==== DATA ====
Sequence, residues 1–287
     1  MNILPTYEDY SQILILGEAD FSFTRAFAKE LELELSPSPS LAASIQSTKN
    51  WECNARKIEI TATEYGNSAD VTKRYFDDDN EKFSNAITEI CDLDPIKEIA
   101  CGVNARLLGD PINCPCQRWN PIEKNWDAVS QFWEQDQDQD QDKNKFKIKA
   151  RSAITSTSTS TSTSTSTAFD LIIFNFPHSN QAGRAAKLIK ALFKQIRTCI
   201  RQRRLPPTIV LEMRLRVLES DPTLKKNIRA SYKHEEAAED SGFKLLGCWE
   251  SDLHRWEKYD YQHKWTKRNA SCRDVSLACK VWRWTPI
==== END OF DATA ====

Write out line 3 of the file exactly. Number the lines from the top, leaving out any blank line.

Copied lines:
    51  WECNARKIEI TATEYGNSAD VTKRYFDDDN EKFSNAITEI CDLDPIKEIA